Guy Quits Job, Buys Boat, Sails From Washington to Patagonia


Sometimes in life you wake up one day and think screw it! Dwyer C. Haney knows this feeling all too well. When he turned 25 the engineering entrepreneur decided enough was enough and quit work, sold / donated all of his belongings, bought a sail boat, learned to sail it and then set off on his adventure.

The goal of my voyage was to ski directly from the boat in the fjords of Chile, but I had a long way to go before I got there. I started in Bellingham, Washington and worked my way down the Oregon and California coasts to Mexico. I spent hurricane season in the Sea of Cortez and eventually sailed from southern Mexico to the Galapagos Islands. The final leg of the voyage from the Galapagos to Puerto Montt, Chile was a 37 day non-stop, single-handed sail and I only saw one other boat that entire time. I’ve been exploring Patagonia ever since. It has been a wild ride with everything from hurricanes to volcanic eruptions along the way. My life has gotten infinitely simpler and I’m completely and totally free to do whatever I want, whenever I want. The wind costs me nothing and drives me wherever I want to go.

The sea is full of mysterious, beautiful creatures. A pod of playful dolphins surrounded the boat to escort me into Mexico. They frolicked in front of the bow for nearly an hour!


A couple months into my jaunt through of the Sea of Cortez, I had to fly back to the states for a family reunion. A good friend offered to look after the boat in La Paz while I was gone. The Sea of Cortez is generally considered a safe haven from hurricanes (something like the risk of being hit by a hurricane in New Hampshire), but I made sure it was carefully anchored and prepared before I left. While I was in the states, a major hurricane swept up from Central America and rammed directly into La Paz in the middle of the night.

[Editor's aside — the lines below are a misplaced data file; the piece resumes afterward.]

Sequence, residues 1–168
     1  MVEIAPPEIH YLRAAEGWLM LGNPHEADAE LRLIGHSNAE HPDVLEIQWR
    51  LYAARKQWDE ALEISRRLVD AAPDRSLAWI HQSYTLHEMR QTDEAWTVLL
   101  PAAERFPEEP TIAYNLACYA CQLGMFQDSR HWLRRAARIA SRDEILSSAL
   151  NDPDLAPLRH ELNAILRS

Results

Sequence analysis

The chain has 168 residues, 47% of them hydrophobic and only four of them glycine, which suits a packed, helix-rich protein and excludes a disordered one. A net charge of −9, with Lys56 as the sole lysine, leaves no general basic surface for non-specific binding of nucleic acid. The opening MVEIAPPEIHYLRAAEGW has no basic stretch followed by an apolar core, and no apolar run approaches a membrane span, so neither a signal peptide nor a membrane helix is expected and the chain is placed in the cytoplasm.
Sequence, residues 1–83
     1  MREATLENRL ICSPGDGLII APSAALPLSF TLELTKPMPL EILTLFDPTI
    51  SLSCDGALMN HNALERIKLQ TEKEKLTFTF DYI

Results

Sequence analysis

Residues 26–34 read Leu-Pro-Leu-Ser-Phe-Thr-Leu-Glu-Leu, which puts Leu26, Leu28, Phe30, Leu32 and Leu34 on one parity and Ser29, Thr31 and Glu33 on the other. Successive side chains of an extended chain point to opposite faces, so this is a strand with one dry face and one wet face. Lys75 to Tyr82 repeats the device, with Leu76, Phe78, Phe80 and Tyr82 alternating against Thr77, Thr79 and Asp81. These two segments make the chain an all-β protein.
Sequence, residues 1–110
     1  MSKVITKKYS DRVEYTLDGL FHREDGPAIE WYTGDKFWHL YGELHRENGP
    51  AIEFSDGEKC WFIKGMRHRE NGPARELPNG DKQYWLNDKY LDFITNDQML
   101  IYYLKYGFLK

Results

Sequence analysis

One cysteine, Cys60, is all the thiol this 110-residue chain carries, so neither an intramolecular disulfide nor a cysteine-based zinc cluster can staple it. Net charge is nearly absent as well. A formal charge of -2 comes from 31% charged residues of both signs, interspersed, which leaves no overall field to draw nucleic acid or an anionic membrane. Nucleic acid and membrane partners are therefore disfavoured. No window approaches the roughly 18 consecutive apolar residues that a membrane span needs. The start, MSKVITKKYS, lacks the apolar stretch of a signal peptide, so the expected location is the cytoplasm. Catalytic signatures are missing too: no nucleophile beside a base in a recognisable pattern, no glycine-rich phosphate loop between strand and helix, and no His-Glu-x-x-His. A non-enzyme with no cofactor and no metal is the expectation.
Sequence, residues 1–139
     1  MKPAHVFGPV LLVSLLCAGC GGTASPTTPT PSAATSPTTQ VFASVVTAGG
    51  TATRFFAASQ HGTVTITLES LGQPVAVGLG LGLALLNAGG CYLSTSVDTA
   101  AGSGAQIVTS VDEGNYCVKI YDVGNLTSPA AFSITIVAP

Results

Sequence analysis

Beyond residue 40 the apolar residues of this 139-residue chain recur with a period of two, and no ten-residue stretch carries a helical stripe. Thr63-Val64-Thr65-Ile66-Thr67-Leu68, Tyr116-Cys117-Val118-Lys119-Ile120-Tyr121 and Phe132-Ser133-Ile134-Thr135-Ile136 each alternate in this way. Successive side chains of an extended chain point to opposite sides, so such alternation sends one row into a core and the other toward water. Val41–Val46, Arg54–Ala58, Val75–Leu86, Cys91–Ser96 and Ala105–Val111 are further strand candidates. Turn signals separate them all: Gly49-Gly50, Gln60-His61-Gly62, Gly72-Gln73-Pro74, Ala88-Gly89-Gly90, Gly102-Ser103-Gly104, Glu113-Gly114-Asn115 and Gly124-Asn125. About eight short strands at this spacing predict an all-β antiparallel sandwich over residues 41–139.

My friend rode out the hurricane at anchor through 125 knot winds and I communicated back and forth with her via text message through the height of the storm. The anchor chain eventually broke off and the boat was swept onto the beach. At 2:36am, I got one last text message followed by radio silence. The hours that followed were the most horrifying of my life. I wasn’t sure if she had just lost cell service or if something had gone horribly wrong.

I eventually got a call from the Air Force that my emergency transponder had been activated. My friend had been swept from the bow of the boat by a massive wave and had spent 8 hours clinging to the mangroves, battling hypothermia, and waiting for dawn and rescue. Hurricane Odile claimed the lives of three other sailors that night, but miraculously my friend was OK. The boat was totally fine – just a little bit of scratched paint from being beached. The full story is here –

I tried to live off the sea as much as possible and in Mexico, that accounted for 40-50% of my meals – sushi, ceviche, fish tacos, etc. I managed to wrangle this sailfish onto the boat with a light hand line one afternoon. I decided to name him Don Rodrigo the Magnificent and he was by far the largest fish I caught. Without any refrigeration onboard, I knew I’d never be able to eat him before he spoiled, so I decided to throw Don Rodrigo back to the sea. (photo: Autumn Foushee)


The 37 day, 3500 nautical mile sail from the Galapagos to Chile was the hardest thing I’ve ever done. I was totally and completely alone – literally a thousand miles from the nearest land and I didn’t have any human contact for more than a month. Before the passage, I vaguely wondered if I’d go crazy, but I managed to adjust to the rhythm of the sea and keep my sanity.

After a couple weeks of sailing into high winds and big waves, I caught a whiff of an odd electronic-y smell. I started searching around the boat, but couldn’t find the source for quite a while. Eventually I lifted the cover to the engine compartment, and smoke billowed out with flames leaping up at me. I managed to put the fire out with an extinguisher and cut the power from the batteries. I’m normally a pretty cool cucumber, but I was literally shaking at the time. It was the scariest moment of my life.

It turned out that a slow leak from the engine had dripped on one of the wires to the starter motor. It shorted out and started the fire. I managed to rewire the engine at sea and continue towards Chile.

The day you say screw it! Could be the day that defines you.

Here’s the rest of Captain Dwayne’s adventure – or head on over to his website and check out what he’s up to!


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